Should We Sell The Bank?

(Editor’s note: Due to the popularity of this topic, we are releasing an updated version of this article, which originally appeared in the third quarter 1995 issue of Bank Director.)

A significant portion of my time is spent working individually with clients as they try to decide whether or not to sell their banks. As the CEO or major shareholder and I work through the issues, often it becomes clear that now may not be the time to sell. For example, it is not the time to sell when earnings improvements can quickly and easily be made that will significantly increase the value of the bank in a matter of months. At other times, it is clear that now is the time to sell by actively and formally pursuing competitive bids for the bank. This is especially true when earnings are “maxed out,” growth is slow, prices for similar banks are attractive but may be in danger of declining, and the CEO/major shareholder doesn’t want to entrust a significant portion of his of her higher net worth to anyone else.

Selling starts to make even more sense if no family member wants to keep the bank, and afternoons on the golf course are beginning to look a lot more attractive than afternoons spent visiting with yet another crew of young examiners who don’t understand the bank. Finally, for many owners, the increasing necessity of making sizable investments in new technology, building a sales culture, and managing organizational changes is simply not worth the effort or the risk.

Whether or not to sell the bank is a major personal and economic decision. First, selling the bank often represents capitalizing on years of hard work and successfully managing risks. For many bankers, as well as families who have owned their banks for generations, the sale of the bank is a significant life event. Second, selling the bank is not an easy decision, nor should it be. The pros and cons of selling versus keeping and building should be explored objectively.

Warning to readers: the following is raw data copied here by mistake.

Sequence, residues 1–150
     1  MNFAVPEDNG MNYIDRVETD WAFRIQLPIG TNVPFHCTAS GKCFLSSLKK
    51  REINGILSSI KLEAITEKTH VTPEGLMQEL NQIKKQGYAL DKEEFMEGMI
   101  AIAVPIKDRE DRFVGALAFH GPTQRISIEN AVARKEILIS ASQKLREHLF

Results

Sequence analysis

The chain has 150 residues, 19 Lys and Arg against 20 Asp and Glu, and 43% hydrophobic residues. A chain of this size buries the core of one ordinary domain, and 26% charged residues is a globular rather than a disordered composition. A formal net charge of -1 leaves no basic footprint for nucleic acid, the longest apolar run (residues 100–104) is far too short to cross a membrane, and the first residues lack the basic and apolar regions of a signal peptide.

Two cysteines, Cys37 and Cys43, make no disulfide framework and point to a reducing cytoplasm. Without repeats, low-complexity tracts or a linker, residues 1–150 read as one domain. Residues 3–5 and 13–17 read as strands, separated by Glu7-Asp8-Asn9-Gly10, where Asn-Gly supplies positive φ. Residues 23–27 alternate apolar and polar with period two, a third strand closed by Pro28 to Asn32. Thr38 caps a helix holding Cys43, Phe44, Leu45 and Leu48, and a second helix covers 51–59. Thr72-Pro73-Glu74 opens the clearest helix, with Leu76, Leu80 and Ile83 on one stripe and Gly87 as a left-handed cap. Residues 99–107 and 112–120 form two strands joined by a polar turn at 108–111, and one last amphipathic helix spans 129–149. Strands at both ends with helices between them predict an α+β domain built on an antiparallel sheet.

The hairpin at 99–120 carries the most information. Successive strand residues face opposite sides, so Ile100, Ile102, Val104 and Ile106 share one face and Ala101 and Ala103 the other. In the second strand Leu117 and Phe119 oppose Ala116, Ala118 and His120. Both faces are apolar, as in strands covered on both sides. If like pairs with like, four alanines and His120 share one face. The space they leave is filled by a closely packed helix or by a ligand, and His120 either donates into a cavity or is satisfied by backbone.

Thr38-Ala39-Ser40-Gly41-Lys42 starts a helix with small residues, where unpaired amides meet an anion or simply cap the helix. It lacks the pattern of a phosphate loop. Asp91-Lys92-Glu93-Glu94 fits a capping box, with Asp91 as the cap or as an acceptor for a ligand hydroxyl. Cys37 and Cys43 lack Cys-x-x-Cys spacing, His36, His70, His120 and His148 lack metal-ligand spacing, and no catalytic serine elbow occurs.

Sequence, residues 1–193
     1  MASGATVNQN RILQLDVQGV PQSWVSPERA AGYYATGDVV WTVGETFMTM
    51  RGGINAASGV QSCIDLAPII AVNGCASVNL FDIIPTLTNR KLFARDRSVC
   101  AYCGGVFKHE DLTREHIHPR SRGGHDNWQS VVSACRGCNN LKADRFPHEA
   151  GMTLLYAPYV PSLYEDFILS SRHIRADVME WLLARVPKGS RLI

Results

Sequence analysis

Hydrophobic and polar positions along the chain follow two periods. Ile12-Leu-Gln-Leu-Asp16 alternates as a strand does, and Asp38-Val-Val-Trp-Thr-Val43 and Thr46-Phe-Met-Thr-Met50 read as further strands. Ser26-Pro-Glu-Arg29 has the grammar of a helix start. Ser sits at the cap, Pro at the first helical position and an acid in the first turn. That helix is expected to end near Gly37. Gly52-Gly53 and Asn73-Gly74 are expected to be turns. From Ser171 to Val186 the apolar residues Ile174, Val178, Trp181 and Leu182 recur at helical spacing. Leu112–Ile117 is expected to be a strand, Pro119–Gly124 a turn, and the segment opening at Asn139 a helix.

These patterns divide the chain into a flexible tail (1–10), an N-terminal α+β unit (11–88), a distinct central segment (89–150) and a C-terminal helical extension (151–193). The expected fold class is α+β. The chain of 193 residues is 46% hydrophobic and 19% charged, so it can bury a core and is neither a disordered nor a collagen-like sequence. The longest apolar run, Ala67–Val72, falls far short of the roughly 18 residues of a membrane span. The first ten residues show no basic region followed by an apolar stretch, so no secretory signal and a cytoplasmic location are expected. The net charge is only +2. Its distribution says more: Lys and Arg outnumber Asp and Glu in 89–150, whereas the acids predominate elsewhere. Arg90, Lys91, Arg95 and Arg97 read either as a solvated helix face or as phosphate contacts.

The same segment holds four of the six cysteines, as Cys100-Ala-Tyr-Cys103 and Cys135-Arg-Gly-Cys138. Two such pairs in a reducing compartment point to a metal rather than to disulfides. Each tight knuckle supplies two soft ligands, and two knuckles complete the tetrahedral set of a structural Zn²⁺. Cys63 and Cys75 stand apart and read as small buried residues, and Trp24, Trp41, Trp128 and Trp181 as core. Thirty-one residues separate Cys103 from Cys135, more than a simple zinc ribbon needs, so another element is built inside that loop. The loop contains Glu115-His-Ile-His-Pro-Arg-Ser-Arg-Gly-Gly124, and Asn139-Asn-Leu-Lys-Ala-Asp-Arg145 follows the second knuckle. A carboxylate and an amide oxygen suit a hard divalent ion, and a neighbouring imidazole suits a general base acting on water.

Third, if the decision to sell the bank is made, then the main objective immediately becomes clearu00e2u20ac”to obtain the highest possible price from an acceptable purchaser. In our experience, we have found that the best approach is to use the confidential bidding process to maximize shareholder value. When properly managed, competitive bidding often leads to notably higher prices being paid.

The triple dip

Double dipping is the bank merger equivalent of the daily double at the track. The idea being that you sell out at a premium (paid in stock) to a bank that, in turn, sells out at a premium to another bank.

The rule is: Assume only one dip. But then, all things are possible. Maybe the double dip will work. Maybe the triple dip will work. Who knows? Maybe even a quadruple dip will work. Then again, maybe there will be only one dip and the ice cream will melt in the acquired bank’s hands.

Ten major considerations

The earnings outlook

Financial institution earnings are at an all-time high. The industry reported that pretax earnings have risen from $28 billion in 1991 to an estimated $128 billion in 1999, a compound annual growth rate of 21%. What caused this $100 billion, 357% increase? Did bankers suddenly get smarter, or did a number of fortuitous events converge to make this happen? Basically, interest spreads were healthy; loan loses decreased dramatically; and noninterest income increased while noninterest expenses rose only modestly. In short, everything worked in the industry’s favor.

A quick reality check requires us to ask: Will it continue forever? Probably not. I’m reminded of the story told by Warren Buffett about a duck paddling back and forth in a pond. It began to rain and the pond rose. The delighted duck believed it was all due to his own efforts.

As I visit with leading bankers across the country, I get mixed messages about their outlook for earnings over the next three years. According to their predictions, interest spreads will continue narrowing, as they have in recent months, because of competitionu00e2u20ac”unless one believes that no competitor will ever seek to gain market share through competitive pricing. Loan losses will increase during the next economic downturnu00e2u20ac”unless one believes there will never be another recession. And, of long-term importance, when online banking becomes a reality in terms of both customer acceptance and usage, a whole new competitive landscape will emergeu00e2u20ac”unless one believes the Internet will not spawn new products, new customer expectations, and new competitors.

But from the viewpoint of an individual bank, the world may seem quite promising. Effectively marketed loan and deposit products can contribute to increased interest margins. Noninterest income opportunities may abound, especially on traditional banking services. Noninterest expenses can be reengineered to provide significantly increased earningsu00e2u20ac”often by reducing salary expenses while simultaneously improving customer service through the use of technology and process reengineering. Most important, prized customers may literally be fleeing a recently merged competitor. Therefore, the earnings outlook really does depend on an individual bank’s situation.